More than 100 votes stand in the way of giving county officials the OK to consider establishing a taxing unit that could spare 33 acres of land from being developed.
Developer Pat Neal has plans to cluster 32 homes as the gated Myara subdivision, which sits where Pine Meadow Way becomes Club House Drive in the Braden Woods subdivision, just north of the Braden River.
But, for an offer that lasts until March, Neal is proposing to sell the property for $3 million to Manatee County to become a passive park and preserve if the surrounding 1,440 homeowners would support paying for it through a municipal services taxing unit, or MSTU. The Conservation Foundation of the Gulf Coast is facilitating the possible transaction and raising funds for the acquisition, and was recently bestowed an adjacent 11-acre property owned by the late Carl Bergstresser.
MSTUs are established to help pay for specific projects within certain subdivisions. The other example in the county is the Palm Aire MSTU.
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There are 594 residences in favor of the MSTU, 418 opposed and 428 remaining mail-in polls that have not been submitted, according to Jan. 3 polling numbers provided by Manatee County. The poll gives estimates on how much the tax would be based on each residence’s 2017 taxable values, and support needs to meet or surpass 720 votes. The MSTU would last for 30 years, if passed, and is projected to start in 2019.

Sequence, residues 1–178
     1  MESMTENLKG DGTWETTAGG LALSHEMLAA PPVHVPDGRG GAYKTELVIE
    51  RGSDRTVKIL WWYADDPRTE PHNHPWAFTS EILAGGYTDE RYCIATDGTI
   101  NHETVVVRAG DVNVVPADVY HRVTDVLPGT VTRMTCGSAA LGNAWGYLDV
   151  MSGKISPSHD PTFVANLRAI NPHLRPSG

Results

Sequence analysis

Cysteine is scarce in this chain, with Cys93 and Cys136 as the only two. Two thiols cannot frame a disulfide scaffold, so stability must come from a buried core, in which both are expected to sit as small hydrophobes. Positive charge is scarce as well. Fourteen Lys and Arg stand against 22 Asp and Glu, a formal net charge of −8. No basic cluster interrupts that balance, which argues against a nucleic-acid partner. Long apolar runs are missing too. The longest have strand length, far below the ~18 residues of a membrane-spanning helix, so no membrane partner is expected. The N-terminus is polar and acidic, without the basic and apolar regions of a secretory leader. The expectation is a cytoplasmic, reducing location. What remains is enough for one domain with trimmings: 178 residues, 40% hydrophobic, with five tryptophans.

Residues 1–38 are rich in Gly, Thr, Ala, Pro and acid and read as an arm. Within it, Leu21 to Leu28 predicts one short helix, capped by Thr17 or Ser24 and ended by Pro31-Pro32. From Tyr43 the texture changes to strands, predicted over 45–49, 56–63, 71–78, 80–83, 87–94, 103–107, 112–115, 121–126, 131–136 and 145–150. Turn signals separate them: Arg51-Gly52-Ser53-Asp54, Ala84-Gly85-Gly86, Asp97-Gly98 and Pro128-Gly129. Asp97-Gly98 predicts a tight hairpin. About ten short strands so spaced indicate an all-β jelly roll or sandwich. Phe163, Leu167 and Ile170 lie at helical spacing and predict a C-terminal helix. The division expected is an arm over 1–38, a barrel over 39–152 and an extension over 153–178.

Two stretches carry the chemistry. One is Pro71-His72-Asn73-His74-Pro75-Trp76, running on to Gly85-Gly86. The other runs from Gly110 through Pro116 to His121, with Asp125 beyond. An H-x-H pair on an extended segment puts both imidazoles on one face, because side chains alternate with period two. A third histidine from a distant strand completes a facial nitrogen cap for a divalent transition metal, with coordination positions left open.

The remaining mail-in polls must be postmarked to the county by Jan. 11, otherwise they will be considered “no” votes.
Friends of Keep Woods, the group that has led the charge in preserving the property, said they will keep canvassing the area to get more people to submit their polls. While they’re emboldened by the support, the group’s president Gary Hebert said it was “still a concern.”
“We’re optimistic that it won’t fall short,” he said.
The Myara property is split into three sections — two of them are appraised at $156,600 and the third is said to be worth $403,679, according to the county property appraiser’s website. Myarra Property Joint Venture LLC purchased each section for $1,637,500 in December 2016.
But now that the property was rezoned in December, Neal said it’s worth more than $3 million.
“We won’t take less,” he said.
Neal said his company has made “substantial contributions” in the past, including when Manatee County paid around $10 million for the land worth $17 million that’s now Neal Preserve.
If the MSTU fails to get adequate support, Neal plans to tailor the subdivision similar to his Wildgrass development off of Clark Road in Sarasota and sell homes in the $500,000 to $700,000 range.